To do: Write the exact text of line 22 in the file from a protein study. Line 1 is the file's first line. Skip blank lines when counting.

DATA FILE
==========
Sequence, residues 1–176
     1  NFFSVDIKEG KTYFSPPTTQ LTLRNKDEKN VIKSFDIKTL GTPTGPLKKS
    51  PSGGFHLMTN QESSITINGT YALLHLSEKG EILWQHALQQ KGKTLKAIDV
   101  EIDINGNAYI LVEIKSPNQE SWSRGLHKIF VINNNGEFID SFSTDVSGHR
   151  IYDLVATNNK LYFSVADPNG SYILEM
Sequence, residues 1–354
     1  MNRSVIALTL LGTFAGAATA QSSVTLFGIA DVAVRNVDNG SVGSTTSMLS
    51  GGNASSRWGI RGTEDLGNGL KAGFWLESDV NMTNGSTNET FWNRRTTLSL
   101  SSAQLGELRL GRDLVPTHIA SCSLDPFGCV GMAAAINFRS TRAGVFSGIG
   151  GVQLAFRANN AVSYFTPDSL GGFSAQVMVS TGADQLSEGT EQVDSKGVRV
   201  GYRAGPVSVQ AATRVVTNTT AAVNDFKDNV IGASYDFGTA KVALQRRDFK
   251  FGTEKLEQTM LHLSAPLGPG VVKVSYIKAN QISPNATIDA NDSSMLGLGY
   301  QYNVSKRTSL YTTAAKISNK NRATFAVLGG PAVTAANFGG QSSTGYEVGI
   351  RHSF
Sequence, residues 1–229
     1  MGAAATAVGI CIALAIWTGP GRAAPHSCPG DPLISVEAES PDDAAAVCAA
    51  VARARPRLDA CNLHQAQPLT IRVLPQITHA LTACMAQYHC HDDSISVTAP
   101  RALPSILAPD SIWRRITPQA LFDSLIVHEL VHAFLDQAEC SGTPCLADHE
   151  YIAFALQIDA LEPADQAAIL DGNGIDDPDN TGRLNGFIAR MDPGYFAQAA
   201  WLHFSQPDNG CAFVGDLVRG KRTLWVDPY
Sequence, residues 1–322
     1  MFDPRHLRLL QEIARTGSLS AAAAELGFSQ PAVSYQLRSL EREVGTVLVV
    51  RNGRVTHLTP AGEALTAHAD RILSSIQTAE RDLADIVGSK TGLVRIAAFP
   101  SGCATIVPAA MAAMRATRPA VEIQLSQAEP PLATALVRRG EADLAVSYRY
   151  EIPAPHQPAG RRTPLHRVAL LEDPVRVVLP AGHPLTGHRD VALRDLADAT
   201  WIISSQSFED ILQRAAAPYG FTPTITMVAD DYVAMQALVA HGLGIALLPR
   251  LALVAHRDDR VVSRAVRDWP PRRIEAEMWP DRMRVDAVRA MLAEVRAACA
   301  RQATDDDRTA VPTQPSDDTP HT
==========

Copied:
     1  MFDPRHLRLL QEIARTGSLS AAAAELGFSQ PAVSYQLRSL EREVGTVLVV